Sponsors and Sponsorship

In the early days of AA, the fellowship was really anonymous. The only way you even found out that there was such an organization was to have someone invite and escort you to a meeting. This person was your sponsor, and became responsible for showing you the ropes, making sure that you got to meetings, and so forth. Later on, after Bill Wilson wrote the Steps and they were adopted by AA, sponsors began guiding their “pigeons” (as newcomers were called back then) through the process that has since become pretty-much standard for all 12-Step groups.

Over time, the relationship of newcomers and sponsors has changed a bit, but the essential idea behind sponsorship has not. A sponsor is a person with substantial sobriety or clean time, who agrees to help a newcomer through the steps. And that is all a sponsor is, as far as the fellowships are concerned. He or she may become a friend and mentor in other respects, but the principal responsibility remains the same — to insure that the “sponsee” makes it through the first few months of sobriety with the skills to continue on the path to recovery. [Read more…]

Michigan Bans Alcoholic Energy Drinks

Michigan has banned all alcoholic, caffeinated energy drinks from being sold in the state after nine Washington college students were hospitalized last month after consuming Four Loko, known as “blackout in a can.”
Reversing its earlier approval, the Michigan Liquor Control Commission yesterday banned Four Loko and 54 similar fruity, high-caffeine, high-alcohol drinks, Detroit Free Press reports. Other banned drinks include Joose and Smirnoff Raw Tea. Manufacturers have 30 days to remove their products from stores.
Read more…

Alcohol Messes Up Kids’ Brains Way More Than Adult Brains

Occasionally some kid will ask, “I have my whole life to get clean, why bother now?  I'm having fun!”

Let's get real.  If you're reading stuff on this web site, you already sort of know that you or someone you know has a problem, and you may suspect that there are some important reasons why quitting now is a much better idea than waiting.

Young people's brains are designed to learn a lot, quickly.  Their brains have “plasticity,” the ability to form new neural connections as necessary in order to develop the parts of the brain needed for certain skills. This involves building billions of bridges among brain cells, and it is the continuous formation of these bridges that makes the adolescent brain especially vulnerable to alcohol. Drinking alcohol not only interferes with building connections in the brain, it also prevents the protective “insulation” on the nerve cells from developing the way it is supposed to. That prevents your brain cells from transmitting signals properly, and can cause interference in adjacent cells.  Other drugs complicate things even more.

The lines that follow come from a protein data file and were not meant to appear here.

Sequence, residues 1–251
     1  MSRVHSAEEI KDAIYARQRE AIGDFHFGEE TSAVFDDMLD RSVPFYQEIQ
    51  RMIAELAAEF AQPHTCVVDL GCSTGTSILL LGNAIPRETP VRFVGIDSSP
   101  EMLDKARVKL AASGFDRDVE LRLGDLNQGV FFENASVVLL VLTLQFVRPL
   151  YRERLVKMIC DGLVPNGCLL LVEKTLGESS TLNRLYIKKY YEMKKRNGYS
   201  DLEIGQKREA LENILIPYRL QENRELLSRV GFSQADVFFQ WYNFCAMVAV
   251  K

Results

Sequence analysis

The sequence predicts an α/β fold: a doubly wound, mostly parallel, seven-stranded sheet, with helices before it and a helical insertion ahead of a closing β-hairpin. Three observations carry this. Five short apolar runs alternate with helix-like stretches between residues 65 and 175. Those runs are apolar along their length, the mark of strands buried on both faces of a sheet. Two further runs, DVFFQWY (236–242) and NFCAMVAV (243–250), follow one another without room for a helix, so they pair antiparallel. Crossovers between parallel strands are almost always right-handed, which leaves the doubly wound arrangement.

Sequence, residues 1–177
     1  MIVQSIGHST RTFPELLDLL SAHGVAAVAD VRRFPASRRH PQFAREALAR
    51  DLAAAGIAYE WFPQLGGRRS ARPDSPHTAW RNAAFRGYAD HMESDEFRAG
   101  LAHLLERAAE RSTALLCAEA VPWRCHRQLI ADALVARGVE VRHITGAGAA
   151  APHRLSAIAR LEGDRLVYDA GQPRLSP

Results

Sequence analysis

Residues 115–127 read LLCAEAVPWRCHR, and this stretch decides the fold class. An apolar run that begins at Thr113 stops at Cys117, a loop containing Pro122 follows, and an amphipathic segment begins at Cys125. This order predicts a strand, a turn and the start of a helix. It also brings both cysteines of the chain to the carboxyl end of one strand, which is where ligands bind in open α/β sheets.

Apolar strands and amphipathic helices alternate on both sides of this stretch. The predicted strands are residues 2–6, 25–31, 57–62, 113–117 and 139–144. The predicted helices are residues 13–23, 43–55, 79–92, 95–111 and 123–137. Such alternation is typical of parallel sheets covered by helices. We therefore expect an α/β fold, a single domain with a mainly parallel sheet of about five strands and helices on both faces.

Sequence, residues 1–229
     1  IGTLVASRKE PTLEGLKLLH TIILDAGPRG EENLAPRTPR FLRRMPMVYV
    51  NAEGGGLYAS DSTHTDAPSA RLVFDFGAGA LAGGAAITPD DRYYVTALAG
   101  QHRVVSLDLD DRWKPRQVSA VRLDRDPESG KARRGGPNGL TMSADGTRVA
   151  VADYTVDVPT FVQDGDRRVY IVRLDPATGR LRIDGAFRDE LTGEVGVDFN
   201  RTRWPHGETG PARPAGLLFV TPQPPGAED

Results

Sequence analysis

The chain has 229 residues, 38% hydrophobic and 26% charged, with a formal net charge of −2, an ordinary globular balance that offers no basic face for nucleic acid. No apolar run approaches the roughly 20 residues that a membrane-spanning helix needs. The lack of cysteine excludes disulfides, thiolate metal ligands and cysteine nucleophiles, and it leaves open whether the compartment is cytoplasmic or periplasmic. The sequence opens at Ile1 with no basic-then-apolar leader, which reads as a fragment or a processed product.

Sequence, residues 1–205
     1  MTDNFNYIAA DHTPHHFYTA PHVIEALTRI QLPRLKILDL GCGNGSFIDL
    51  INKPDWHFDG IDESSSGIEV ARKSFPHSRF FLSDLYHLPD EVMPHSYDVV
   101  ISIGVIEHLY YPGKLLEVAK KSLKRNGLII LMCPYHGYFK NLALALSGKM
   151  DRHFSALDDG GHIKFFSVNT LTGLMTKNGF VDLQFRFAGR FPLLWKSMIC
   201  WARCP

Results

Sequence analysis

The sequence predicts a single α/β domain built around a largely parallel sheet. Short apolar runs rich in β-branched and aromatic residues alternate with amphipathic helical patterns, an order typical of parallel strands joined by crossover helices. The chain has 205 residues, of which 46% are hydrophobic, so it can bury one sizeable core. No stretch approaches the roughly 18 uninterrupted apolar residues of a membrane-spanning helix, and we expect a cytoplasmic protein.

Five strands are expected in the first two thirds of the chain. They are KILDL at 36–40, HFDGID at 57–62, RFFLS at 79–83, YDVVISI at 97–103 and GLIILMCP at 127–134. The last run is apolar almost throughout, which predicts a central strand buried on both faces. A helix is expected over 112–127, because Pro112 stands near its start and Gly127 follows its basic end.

These changes are clearly visible on brain scans.  It isn't sci-fi, and it's not just some scare tactic thought up by people who don't want you to have fun.

The fact is, when you drink heavily and use drugs in your teens, it can keep your brain from developing into a normal adult brain. The chances are good that you will never have a brain that functions with full efficiency.  The drop in problem-solving skills and other factors such as IQ is clearly measurable. This may be reversable to a degree, but the more you use, the less likely you are to end up with all the smarts you were supposed to.

Furthermore, according to Peter M. Monti, Professor of Medical Sciences and director of the Center for Alcohol and Addiction Studies at Brown University, “As heavy drinking continues, the likelihood of neuronal damage increases, because the brain is no longer able to compensate for the disruption caused by alcohol.”  In other words, The damage gets worse the longer you drink.

This means that in addition to other, more obvious problems, such as behavioral difficulties, risk-taking, drunk driving and associated accidents, adolescents who drink may also be unable to learn some of the skills that are necessary to function as adults. There is even a name for this: Alcohol Abuse Disorder. It involves reduced ability to solve problems, reduction of verbal memory (the ability to find the right word for a particular meaning and use it properly), disturbed visual-spatial skills (judging relationships of objects in space, a critical skill for driving, games, and similar activities), and general memory problems.

So, on top of the “normal” problems of growing up, there are far-reaching effects of drinking that can change your life and make it much more difficult. If you are thinking about drinking, think again.  If you are drinking more than one or two drinks occasionally, cut back.  If you can't cut back, get help. Your entire life depends on how you treat your developing brain today.